You can see what's wrong with Intolerable Cruelty without even watching the movie. Those three names in the writing credits alongside Joel and Ethan - Robert Ramsey, Matthew Stone, and John Romano? Collectively they've written Big Trouble, Man of the House, Nights of Rodanthe, and TV shows including "Class of '96" and "Cop Rock", to name just a few.

The Coens share screenplay credits here but something just does not click for me with this movie. The one Coen-esque thing about the characters is that they're depraved and depressed, but I see no chemistry between George Clooney and Catherine Zeta-Jones (which I guess is the point?), and the story is so contrived, particularly the ending. I don't know, I saw this for the first time recently and found it pretty disappointing, yet also validating. After all, there's a reason I had skipped it in the first place. It's not entirely without merit, but the "good" scenes are few and far between. Here's one that actually appears to bear the Coen mark:

The Ladykillers (2004)

Though Intolerable Cruelty is lesser Coen in my opinion, and though The Hudsucker Proxy is always and unfairly omitted from their filmography, The Ladykillers is the Coen film that should really be forgotten. Its soulful soundtrack and inspired set pieces simply cannot make up for a tediously unfunny 104 minutes of obscenities, slapstick gags, and Tom Hanks sniveling and snorting and sounding quite a lot like Forrest Gump. 

Maybe it takes a few viewings and maybe I'm just missing the meaning behind the comedy, but J.K. Simmons and Marlon Wayans bickering for a couple hours doesn't really do much to entertain me. In fact I was more interested in Ryan Hurst's performance as Lump, because I think Hurst misinterpreted direction to act "dumb as a rock" as direction to act as a rock; Lump ends up hardly even human, and not at all funny.

Granted, The Ladykillers also not an original Coen story, as they were commissioned to rewrite the script from the 1955 film of the same name (which I haven't seen). After Barry Sonnenfeld left the project the brothers were also tapped to produce and direct it. Incidentally, after two decades of filmmaking this was the first movie in which they were both credited as writers, producers, and directors (perhaps to share the blame for what they knew would be a miss?). Here's a forgivingly brief scene:


Coming soon - The Coen Brothers: The Third Decade (2006-)...


  1. Great post!

    Fargo, along with No Country for Old Men, was perhaps Coens' best movie, and they both happen to be among my favourite movies. Didn't know about the Minnesota angle, that the movie wasn't allowed to be shown there. Yes, it was quite obvious that there was a bit of mockery there in the film even for a non-Minnesotan (or for that matter, non-American) like me. But I believe there wasn't any malice there.

    The Big Lebowski, as you aptly pointed out, has arguably the biggest fan-following among all of Coens' movies. Its cult following is immense. I liked the film all right, but can't say if I liked it as much as some of the movie's admirers would have me like it.

    As for The Man Who Wasn't There, I feel it is an underrated gem. A lot of people seem to overlook it, and I find that very disappointing. In my opinion, its a very well-crafted film minus the Coens' usual signatures - quite atypical in that sense (unlike Fargo, the wry humour is much more understated here).

    I need to watch O Brother... once again, cos I watched it long back and so don't seem to have an opinion one way or other right now.

    Fortunately or unfortunately, I haven't watched the last 2. Given your views about them it seems I'm more fortunate than unfortunate ;)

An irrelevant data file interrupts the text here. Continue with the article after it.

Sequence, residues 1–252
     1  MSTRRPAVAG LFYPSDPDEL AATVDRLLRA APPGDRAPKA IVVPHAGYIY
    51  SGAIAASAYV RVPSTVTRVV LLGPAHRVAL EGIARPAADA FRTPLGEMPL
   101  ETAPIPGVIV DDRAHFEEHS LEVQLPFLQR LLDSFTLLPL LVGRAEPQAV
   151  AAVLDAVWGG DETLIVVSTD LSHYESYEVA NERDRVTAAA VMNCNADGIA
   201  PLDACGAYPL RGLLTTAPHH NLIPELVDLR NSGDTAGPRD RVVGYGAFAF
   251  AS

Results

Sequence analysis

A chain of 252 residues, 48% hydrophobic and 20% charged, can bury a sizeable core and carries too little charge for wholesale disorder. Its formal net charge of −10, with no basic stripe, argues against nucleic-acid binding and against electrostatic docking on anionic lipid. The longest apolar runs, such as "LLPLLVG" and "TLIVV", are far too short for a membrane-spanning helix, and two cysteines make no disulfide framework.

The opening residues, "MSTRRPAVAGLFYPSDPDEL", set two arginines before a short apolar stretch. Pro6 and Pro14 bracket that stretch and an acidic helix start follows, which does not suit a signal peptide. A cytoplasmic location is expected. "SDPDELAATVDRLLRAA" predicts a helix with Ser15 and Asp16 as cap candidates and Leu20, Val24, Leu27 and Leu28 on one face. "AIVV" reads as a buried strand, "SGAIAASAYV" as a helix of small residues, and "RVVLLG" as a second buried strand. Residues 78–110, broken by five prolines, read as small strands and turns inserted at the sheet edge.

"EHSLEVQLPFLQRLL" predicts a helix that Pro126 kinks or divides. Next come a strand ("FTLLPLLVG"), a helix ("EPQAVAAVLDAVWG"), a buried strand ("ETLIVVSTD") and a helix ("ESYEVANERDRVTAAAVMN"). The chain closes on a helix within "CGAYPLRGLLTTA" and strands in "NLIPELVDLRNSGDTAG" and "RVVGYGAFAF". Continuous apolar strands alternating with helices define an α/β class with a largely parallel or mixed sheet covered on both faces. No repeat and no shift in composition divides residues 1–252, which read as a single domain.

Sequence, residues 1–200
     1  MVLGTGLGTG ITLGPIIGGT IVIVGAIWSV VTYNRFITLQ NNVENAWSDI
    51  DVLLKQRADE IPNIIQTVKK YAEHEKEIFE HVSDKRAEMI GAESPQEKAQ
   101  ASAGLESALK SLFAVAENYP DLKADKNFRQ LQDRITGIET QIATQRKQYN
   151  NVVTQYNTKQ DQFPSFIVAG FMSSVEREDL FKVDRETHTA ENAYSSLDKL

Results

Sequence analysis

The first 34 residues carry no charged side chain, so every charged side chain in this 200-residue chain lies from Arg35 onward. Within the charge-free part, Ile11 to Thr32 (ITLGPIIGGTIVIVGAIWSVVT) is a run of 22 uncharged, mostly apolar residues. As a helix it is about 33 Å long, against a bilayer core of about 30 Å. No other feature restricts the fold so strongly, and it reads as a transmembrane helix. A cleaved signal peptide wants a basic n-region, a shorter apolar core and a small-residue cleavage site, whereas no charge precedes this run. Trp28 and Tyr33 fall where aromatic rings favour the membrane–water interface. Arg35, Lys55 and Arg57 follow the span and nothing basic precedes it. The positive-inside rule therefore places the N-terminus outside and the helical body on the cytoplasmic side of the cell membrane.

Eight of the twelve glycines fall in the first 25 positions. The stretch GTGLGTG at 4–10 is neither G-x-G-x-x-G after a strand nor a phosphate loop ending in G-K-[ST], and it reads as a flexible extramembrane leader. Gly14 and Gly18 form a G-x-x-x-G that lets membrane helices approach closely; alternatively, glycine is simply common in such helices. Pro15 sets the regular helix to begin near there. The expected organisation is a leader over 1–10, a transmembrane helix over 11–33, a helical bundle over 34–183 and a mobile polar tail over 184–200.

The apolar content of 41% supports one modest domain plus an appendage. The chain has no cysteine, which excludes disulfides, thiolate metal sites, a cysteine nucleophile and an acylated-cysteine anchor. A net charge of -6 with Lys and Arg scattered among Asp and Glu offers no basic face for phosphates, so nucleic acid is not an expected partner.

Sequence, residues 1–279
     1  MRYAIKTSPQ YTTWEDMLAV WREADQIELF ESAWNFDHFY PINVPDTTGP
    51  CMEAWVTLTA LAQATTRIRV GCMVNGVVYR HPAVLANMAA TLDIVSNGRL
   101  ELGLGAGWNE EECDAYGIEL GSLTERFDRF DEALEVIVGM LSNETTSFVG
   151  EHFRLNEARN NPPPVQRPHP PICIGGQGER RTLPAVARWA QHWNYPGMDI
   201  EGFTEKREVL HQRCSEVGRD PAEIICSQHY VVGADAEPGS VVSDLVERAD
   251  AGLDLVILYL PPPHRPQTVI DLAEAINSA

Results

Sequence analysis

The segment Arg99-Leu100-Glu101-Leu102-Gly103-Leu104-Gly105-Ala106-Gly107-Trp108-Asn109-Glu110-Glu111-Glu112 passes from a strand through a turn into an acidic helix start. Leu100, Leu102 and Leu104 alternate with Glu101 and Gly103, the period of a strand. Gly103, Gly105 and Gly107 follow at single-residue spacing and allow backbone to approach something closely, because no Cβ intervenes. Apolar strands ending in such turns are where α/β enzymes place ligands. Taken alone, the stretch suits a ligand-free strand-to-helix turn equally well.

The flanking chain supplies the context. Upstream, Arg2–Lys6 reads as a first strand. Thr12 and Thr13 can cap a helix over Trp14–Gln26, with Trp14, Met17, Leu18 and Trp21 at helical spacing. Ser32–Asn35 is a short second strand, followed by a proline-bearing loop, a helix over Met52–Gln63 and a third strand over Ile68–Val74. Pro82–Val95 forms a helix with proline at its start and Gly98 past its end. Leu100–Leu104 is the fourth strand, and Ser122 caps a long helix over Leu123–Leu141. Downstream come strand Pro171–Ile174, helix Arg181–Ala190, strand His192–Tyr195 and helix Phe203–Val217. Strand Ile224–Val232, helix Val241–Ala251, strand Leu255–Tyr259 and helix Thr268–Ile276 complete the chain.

2. Great thoughts, Shubhajit. Fargo and No Country are also two of my favorite Coen films. I should clarify that Fargo was certainly allowed to be shown here, it just wasn't appreciated by many people at the time! The review in the local paper actually had to go so far as to warn moviegoers that many of them may be offended by it. Anyway, you understood what the Coens were doing because they really meant to show Minnesota in a sentimental light.

    I go back and forth with Lebowski, but at the end of the day I think I appreciate its parts more than its whole, if that makes sense. A movie that I could watch a lot of clips from, but one that doesn't necessarily need to be seen from start to finish. Shh, don't tell the cult...

    It takes a special kind of person to appreciate The Man Who Wasn't There. I think the same will go for A Serious Man once that makes its way around. For now I prefer ASM, but The Man Who Wasn't There deserves a lot of credit for bringing a decidedly Coen take to a well-worn genre film.

    Yeah, nice pick-up on these last two. They were numbers 13 and 14, the last of all of their films that I saw. I would recommend that to be the case for everyone, though I know both movies have their fans...

  3. I have a hard time selecting my favorite Coen movie; it alternates between Fargo and Lebowski. Not helping matters is that I seem to appreciate both more with each repeat viewing. Being the darker of the two, it's probably easier for people (including myself) to call Fargo the better film, but there's something to be said for the macap hilarity and colorful characters of the Dude and gang.

    I still need to see The Ladykillers and The Man Who Wasn't There, if only because they're the only Coen movies I've yet to see. I could also stand for some refreshers on O Brother and Cruelty. I enjoyed both - yes, both - but every Coen movie, even the ones I don't immediately love (coughASeriousMancough) are worthy of a second look.

  4. Thanks for checking in on this one. I know what you mean by finding some new love for both Fargo and Lebowski with each viewing. And increasingly I can understand the cult madness about Jeff and Walter - they're just terrific characters, and their quotes are timeless.

    I can understand wanting to close out your Coen filmography, but honestly The Ladykillers is entirely skippable even for their fans. Of course you do like JK Simmons more than most people, or at least I think you do, so that could make it somewhat worthwhile. And The Man Who Wasn't There, well I think if it catches you in the right mood you might really go for it.